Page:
Meanwhile, LaMarcus Aldridge was strong in spurts. Aldridge's final line--24 points on 11-of-25 shooting--was fairly typical of this series. Tyson Chandler and Brendan Haywood did a phenomenal job of containing Aldridge in the post and making him take difficult shots. Aldridge was still able to put up the points the Blazers needed, working for six offensive rebounds and heating up against Haywood early in the fourth quarter, but ultimately his line was one the Mavericks could live with and still win the game.
In the fourth quarter, Portland ran its offense through Aldridge and Wallace in the post, a departure from Game Four. Roy shot the ball well overall (4-of-6 from the field), but was essentially a decoy in the final period. He spent the entire quarter on the court at point guard (Andre Miller never got off the bench), but did not attempt a single shot.
Instead, Dallas made Matthews beat them when help came to Aldridge and Wallace. Matthews did an admirable job of drawing fouls and was more aggressive off the dribble than the rest of this series, but when the Blazers needed him to knock down an open three, Matthews came up short. He misfired from beyond the arc three times from the 4:37 mark through the 1:17 mark. All three shots could have brought Portland within a single possession. That was sadly typical of a night where the Blazers shot 23.8 percent on threes and a series during which they made 30.0 percent of their attempts beyond the arc. Portland's need for another shooter--or two--could not possibly have loomed any larger, especially with backups Nicolas Batum and Rudy Fernandez combining to shoot 1-of-6 from the field.
That said, I'm open to the criticism that I've spent too much time talking about the Blazers' offense in this series and not enough on their defense. Scroll back up and check out the offensive ratings in this game, both well over 120. That should be more than good enough for Portland to win at home. Why wasn't it? In addition to the hot shooting of Nowitzki and Terry, the two key factors were the Mavericks' offensive rebounding (12 second chances in 38 attempts) and their excellent turnover rate (nine in the game, but just three during the first three quarters). Both Zach Lowe of the Point Forward and Benjamin Golliver of Eye on Sports have noted recently that the Blazers were unable to force turnovers in this series the same way they did during the regular season, especially after dealing for Wallace. Not only did that mean fewer empty trips for Dallas, it kept Portland from getting easy opportunities in transition.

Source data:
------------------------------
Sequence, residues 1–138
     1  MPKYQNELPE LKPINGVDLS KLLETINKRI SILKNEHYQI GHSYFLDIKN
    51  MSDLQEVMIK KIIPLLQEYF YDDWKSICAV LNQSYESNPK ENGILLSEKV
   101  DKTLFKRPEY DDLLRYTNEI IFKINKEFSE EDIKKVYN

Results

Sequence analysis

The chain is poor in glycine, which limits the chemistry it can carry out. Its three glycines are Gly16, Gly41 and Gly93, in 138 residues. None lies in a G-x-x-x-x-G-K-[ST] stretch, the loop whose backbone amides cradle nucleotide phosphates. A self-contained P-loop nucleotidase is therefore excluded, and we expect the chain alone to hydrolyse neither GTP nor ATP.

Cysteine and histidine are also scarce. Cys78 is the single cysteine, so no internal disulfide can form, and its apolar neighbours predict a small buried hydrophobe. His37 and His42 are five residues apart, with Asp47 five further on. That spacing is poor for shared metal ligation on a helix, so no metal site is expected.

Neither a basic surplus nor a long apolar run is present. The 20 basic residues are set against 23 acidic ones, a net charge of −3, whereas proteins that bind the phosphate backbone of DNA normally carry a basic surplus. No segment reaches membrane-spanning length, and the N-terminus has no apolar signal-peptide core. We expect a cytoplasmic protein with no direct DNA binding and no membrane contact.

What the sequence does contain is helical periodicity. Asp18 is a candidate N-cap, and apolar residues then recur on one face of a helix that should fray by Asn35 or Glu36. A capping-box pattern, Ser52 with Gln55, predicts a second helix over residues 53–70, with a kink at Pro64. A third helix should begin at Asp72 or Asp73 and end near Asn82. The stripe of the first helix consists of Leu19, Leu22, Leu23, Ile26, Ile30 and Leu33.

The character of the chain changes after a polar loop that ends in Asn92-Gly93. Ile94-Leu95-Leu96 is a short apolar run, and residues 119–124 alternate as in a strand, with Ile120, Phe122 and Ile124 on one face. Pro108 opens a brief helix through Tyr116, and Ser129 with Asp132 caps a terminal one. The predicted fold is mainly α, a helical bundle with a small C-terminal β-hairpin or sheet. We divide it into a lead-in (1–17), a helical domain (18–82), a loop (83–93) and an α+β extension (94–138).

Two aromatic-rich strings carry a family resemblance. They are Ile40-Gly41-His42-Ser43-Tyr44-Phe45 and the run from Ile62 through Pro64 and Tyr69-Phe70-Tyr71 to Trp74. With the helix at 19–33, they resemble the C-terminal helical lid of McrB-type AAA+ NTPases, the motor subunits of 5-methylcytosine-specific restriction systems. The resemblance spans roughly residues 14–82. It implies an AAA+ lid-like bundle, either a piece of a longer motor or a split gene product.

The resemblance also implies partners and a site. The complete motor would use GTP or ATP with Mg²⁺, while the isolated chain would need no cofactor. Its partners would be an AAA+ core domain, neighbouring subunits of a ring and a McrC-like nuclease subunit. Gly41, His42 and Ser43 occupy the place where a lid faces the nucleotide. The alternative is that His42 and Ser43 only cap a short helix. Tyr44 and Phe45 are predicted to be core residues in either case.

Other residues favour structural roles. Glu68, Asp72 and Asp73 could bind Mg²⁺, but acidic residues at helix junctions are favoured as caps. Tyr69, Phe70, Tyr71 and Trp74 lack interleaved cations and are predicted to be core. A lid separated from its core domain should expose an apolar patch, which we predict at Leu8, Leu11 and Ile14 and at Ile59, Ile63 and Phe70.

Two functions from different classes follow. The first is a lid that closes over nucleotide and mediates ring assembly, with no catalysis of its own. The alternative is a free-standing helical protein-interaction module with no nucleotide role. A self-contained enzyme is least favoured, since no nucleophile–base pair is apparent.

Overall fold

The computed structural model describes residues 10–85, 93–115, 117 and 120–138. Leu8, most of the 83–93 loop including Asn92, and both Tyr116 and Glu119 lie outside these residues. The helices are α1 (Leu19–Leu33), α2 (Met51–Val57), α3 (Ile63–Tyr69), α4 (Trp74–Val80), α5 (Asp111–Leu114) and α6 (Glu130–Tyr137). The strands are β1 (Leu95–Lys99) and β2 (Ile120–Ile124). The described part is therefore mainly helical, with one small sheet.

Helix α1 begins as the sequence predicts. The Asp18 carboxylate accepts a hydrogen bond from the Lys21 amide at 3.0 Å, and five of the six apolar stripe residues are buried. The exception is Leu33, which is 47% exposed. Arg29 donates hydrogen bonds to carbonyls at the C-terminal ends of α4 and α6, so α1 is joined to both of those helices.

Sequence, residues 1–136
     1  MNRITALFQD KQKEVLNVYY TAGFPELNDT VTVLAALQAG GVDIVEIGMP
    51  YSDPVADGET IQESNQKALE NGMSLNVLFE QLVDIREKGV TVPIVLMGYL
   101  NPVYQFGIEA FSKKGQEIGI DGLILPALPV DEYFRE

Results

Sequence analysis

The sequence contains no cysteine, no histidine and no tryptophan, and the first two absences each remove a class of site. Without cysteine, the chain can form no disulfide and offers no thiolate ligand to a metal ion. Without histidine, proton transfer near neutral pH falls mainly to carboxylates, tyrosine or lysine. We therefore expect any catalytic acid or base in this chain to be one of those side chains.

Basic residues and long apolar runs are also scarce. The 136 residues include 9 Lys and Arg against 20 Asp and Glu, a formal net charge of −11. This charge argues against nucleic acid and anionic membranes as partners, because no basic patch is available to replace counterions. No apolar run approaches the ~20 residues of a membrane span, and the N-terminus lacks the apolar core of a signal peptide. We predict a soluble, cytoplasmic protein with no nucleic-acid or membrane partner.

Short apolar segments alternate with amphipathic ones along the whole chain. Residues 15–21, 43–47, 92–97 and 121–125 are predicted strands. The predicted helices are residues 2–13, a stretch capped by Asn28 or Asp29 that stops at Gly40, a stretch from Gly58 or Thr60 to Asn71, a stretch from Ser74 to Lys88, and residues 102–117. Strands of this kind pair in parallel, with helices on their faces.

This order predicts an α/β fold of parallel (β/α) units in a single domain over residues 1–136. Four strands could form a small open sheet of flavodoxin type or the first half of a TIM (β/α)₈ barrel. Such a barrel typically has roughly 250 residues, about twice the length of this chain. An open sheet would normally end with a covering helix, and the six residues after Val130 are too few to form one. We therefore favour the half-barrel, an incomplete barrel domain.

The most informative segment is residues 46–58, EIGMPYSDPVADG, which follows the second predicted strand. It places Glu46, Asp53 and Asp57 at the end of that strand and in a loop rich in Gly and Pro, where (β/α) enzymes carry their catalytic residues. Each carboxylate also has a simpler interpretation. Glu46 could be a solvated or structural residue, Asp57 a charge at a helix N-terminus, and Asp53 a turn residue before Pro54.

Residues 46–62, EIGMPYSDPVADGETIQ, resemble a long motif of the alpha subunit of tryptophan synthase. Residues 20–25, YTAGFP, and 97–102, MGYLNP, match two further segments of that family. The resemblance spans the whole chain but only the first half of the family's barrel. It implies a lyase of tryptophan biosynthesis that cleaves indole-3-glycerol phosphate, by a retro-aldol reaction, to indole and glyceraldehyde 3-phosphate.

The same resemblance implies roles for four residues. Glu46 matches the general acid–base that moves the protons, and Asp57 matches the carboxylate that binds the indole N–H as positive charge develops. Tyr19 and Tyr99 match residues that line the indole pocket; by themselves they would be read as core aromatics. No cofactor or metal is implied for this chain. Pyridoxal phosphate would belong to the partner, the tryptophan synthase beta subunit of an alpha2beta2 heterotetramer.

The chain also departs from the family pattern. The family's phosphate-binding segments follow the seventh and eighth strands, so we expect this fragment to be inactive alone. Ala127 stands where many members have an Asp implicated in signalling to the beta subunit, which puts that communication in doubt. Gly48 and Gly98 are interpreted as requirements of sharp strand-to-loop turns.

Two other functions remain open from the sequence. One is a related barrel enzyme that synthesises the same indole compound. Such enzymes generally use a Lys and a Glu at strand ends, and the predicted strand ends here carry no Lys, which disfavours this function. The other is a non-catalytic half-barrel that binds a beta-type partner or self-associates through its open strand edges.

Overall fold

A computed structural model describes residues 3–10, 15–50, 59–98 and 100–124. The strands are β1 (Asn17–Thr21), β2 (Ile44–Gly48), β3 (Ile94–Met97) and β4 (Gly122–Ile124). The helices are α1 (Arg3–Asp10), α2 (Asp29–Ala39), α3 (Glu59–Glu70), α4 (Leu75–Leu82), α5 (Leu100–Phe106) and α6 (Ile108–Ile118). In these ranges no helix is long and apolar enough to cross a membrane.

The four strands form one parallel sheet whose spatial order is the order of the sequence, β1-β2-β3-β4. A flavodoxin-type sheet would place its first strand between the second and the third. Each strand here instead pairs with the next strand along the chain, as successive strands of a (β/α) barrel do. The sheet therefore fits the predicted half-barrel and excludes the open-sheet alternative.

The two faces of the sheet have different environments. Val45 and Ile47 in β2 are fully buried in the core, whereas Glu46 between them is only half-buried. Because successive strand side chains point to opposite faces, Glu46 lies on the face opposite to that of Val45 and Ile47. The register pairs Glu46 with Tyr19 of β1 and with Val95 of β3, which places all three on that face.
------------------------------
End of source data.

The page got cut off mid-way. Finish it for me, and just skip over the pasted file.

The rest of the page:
That the Mavericks would win this series seems clear looking back. Dallas had the best player in the series, was the better team over the course of the year and did not have any weaknesses as easily exploitable as the Blazers' shooting. At the same time, lots of things appear obvious after they happen, and the turnover battle not playing out as expected was one reason the Mavericks exceeded the expectations of many observers--myself included--and are moving on to the second round.
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Kevin Pelton is an author of Basketball Prospectus.